In Psalm 8, our author looks up to consider the greatness of God’s universe. God’s creative genius is magically displayed in any night sky or morning sunrise. Then the thought hits him: God has drafted you and me to be on his team. Clearly our divine captain’s astonishing abilities make our talents look remarkably feeble. Yet, God doesn’t really care. He wants us on his team. The God of the universe doesn’t feel forced to choose us–he’s actually excited to welcome us as one of his teammates.

Use this Psalm in two ways:

  • To consider the astonishing power and artistic talent of God (our fall colors provide us a better-than-average reminder.)
  • To consider the honor it truly is to play a part as a grandparent, parent, family member, co-worker, neighbor, fellow-church member or teammate-at-large on God’s team of universal all-stars.

It’s my prayer that you’ll feel both awed and honored by this Psalm.

Kevin T.
enCompass Church, Roseville

Psalm 6: Road Weary

Over the past three years, our family has made a Spring Break drive to Florida. It takes about 26 hours via our faithful ’02 Honda Odyssey (an aptly named vehicle for a journey such as this). Having embarked on this epic endeavor a few times now, I’m able to make a rather accurate prediction: at about hour number 19, we’re all on the brink of partial insanity. We’ve simply been in the car together too long to actually believe we will EVER arrive.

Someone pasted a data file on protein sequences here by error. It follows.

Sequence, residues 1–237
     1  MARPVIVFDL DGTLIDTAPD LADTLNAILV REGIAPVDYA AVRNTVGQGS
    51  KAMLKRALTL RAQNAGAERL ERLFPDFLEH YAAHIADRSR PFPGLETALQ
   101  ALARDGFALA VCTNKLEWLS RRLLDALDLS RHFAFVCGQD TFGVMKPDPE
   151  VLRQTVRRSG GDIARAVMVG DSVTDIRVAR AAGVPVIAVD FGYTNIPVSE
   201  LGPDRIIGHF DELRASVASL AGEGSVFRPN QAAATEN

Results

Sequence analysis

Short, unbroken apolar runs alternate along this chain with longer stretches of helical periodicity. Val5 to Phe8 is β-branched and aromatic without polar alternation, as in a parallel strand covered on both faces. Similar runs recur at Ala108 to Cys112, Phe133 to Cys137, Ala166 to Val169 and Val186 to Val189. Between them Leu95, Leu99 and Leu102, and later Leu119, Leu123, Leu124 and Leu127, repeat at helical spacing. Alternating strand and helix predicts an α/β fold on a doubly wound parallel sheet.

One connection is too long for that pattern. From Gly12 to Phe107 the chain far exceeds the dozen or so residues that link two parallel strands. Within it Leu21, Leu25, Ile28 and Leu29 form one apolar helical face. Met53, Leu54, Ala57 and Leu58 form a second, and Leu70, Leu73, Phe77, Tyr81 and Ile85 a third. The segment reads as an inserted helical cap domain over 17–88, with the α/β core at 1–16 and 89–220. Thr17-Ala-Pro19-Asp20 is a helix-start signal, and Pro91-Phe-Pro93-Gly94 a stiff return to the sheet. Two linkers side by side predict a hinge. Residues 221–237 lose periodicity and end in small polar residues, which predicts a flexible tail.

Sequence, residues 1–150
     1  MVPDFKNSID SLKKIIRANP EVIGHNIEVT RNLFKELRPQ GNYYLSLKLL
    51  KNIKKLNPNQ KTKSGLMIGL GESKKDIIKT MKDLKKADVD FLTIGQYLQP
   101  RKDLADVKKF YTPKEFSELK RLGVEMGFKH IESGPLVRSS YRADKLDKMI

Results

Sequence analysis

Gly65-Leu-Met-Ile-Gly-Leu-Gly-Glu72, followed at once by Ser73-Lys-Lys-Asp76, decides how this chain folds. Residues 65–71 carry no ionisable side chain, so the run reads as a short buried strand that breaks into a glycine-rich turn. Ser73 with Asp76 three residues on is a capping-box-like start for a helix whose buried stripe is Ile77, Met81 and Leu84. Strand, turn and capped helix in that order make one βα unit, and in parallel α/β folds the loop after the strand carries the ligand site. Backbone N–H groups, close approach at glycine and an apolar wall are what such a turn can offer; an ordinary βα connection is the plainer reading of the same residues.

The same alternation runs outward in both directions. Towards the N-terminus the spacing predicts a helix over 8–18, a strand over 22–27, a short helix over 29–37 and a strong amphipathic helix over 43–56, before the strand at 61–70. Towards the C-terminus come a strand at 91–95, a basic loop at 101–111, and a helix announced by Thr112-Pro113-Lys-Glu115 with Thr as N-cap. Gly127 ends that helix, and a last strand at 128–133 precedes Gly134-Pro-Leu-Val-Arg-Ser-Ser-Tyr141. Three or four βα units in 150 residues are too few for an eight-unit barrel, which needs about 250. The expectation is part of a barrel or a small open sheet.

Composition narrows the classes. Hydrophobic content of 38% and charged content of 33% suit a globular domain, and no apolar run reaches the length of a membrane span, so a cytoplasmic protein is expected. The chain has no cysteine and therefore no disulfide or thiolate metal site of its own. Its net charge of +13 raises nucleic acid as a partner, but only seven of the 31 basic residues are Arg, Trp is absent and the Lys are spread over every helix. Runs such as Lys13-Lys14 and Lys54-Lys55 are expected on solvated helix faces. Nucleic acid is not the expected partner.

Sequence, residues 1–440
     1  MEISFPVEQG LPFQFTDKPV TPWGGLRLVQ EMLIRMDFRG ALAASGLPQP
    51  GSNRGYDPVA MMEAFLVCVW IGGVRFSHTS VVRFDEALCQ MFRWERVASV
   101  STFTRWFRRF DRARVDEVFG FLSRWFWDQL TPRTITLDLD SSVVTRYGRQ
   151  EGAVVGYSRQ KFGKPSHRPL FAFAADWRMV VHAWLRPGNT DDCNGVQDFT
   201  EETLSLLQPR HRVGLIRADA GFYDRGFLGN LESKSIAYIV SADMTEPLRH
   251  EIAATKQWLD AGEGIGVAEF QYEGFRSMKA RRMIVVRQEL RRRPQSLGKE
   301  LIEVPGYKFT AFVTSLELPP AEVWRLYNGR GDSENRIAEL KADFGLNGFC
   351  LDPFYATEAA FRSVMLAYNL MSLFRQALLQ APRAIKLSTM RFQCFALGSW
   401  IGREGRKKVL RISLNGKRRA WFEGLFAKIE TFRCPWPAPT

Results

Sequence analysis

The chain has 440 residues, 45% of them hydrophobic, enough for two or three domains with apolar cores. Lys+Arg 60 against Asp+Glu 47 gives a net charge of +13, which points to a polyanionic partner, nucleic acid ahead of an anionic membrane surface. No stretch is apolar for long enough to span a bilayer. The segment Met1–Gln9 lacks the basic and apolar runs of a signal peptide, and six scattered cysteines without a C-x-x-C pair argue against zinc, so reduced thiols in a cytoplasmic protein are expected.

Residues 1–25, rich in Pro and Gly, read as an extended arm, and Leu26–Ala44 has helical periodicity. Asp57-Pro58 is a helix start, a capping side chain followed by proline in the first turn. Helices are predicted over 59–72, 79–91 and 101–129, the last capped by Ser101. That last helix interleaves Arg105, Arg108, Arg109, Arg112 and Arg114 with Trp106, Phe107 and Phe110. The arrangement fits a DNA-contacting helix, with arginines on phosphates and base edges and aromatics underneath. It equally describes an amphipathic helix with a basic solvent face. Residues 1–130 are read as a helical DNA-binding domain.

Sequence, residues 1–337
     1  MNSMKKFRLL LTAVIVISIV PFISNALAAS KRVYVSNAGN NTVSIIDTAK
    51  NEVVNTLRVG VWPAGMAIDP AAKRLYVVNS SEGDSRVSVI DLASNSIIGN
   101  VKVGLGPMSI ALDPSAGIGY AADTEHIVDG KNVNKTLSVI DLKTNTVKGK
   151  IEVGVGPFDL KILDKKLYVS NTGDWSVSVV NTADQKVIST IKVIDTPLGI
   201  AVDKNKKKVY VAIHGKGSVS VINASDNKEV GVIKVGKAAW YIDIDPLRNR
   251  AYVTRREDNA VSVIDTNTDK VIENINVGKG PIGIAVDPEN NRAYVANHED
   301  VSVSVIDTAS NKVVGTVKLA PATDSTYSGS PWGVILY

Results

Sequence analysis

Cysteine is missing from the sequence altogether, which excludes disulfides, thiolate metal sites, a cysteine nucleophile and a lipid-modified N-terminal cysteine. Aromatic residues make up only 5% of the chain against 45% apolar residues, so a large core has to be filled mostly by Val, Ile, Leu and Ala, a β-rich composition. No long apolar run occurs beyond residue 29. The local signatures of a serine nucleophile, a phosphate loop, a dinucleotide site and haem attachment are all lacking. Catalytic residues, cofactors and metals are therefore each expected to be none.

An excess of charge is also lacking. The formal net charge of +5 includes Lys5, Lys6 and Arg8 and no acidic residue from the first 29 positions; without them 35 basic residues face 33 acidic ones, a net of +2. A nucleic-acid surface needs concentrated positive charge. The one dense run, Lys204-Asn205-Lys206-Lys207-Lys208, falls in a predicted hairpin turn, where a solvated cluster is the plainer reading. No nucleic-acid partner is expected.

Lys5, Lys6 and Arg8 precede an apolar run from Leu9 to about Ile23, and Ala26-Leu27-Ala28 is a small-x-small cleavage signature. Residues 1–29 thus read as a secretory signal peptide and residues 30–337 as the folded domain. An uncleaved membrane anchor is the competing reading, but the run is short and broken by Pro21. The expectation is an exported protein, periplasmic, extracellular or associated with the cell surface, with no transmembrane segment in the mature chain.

Our poet seems to be facing something similar in Psalm 6. “How long, Lord, how long?” he cries out. I guess he’s also reached the brink of his own insanity. He’s tried and tried to believe in God’s love and goodness, but honestly doesn’t feel like it will ever arrive. Painfully, the poet’s experience is also a part of our own life-long odyssey of faith. We all eventually hit the wall–our patience and endurance run out. “How long, Lord, how long?” we ask. “Will your love and grace and hope and goodness EVER show up in my life?”

Your encouragement? Keep praying . . . and keep reading. Our poet comes to a bold conclusion in verses 8 and 9. God’s answer still hasn’t arrived–yet he’s confident that God hasn’t dumped him out at the nearest exit on the journey of faith. During a season of near insanity, it’s my prayer that you’ll gain greater confidence in God as you find encouragement from other road-weary traveling companions on this epic endeavor we call “following Jesus.”

Kevin T.
enCompass Church, Roseville

Psalm 3: Sweet Sleep

This Psalm associated with King David offers an astonishing proclamation: he’s able to enjoy sweet, peaceful sleep, despite a swirling array of personal threats, worries and dangers. As far as I know, this piece of poetry was penned long before the creation of sleep aids like NyQuil and Lunesta. How does a person enjoy such a satisfying snooze when everything seems to be going so wrong?